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The Multiplex Social Environments of Young Black Men Who Have Sex with Men: How Online and Offline Social Structures Impact HIV Prevention and Sex Behavior Engagement

Authors
  • Young, Lindsay E.1, 2
  • Fujimoto, Kayo3
  • Alon, Leigh1, 2
  • Zhang, Liang4
  • Schneider, John A.1, 2, 5
  • 1 Chicago Center for HIV Elimination, University of Chicago, Chicago, IL
  • 2 Department of Medicine, University of Chicago, Chicago, IL
  • 3 Center for Health Promotion and Prevention Research, School of Public Health, University of Texas Health Science Center at Houston, Houston, TX
  • 4 Harris School of Public Policy, University of Chicago, Chicago, IL
  • 5 Department of Public Health Sciences, University of Chicago, Chicago, IL
Type
Published Article
Journal
Journal of Social Structure
Publisher
Exeley Inc.
Publication Date
Jan 01, 2019
Volume
20
Issue
3
Pages
70–95
Identifiers
DOI: 10.21307/joss-2019-007
Source
Exeley
License
Green

Abstract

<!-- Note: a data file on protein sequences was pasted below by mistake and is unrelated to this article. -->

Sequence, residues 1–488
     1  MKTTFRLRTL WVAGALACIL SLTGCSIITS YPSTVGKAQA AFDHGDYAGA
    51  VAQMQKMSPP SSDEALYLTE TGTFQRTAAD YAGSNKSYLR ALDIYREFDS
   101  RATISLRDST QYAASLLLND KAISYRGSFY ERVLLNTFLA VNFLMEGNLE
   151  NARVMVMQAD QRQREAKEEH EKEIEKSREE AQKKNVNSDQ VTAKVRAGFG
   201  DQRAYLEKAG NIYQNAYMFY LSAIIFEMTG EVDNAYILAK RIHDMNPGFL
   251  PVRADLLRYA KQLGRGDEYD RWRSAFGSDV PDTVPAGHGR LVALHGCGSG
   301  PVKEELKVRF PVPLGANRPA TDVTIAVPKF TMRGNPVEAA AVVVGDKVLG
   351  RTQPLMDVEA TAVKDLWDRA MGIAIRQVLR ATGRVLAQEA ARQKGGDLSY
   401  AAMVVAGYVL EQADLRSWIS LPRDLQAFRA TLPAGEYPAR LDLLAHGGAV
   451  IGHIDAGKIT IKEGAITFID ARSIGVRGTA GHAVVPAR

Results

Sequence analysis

In the United States, young Black men who have sex with men (YBMSM) remain disproportionately affected by HIV. The social networks in which YBMSM are embedded are generally understood to be critical factors in understanding their vulnerability. In this study, we acknowledge the relational richness of YBMSMs’ social environments (what we define as multiplexity) and their increasing prioritization of online social networking sites (SNS). Specifically, we investigate whether protective and/or risky features of YBMSMs’ Facebook friendships and group affiliations are related to their HIV prevention and sex behavior engagement, while also accounting for features of their offline confidant (or support) and sex networks. Using data from a population-based cohort study of YBMSM living in Chicago (N=268), we perform a series of multiple logistic regression analyses to examine associations between features of YBMSMs’ Facebook, confidant, and sexual networks with three prevention outcomes and three sex behavior outcomes, while also controlling for factors at the individual and structural levels. Results show that network features play a more significant role in predicting engagement in sex behaviors than prevention behaviors. Specifically, having more confidants, having confidants who are family members, meeting sex partners online, having more YBMSM Facebook friends, belonging to Facebook groups with an LGBTQ focus, and having greater subject diversity in one’s Facebook group affiliations were significantly associated with one or more sex behavior outcomes. We conclude with a discussion of the implications of our findings for HIV prevention intervention efforts.

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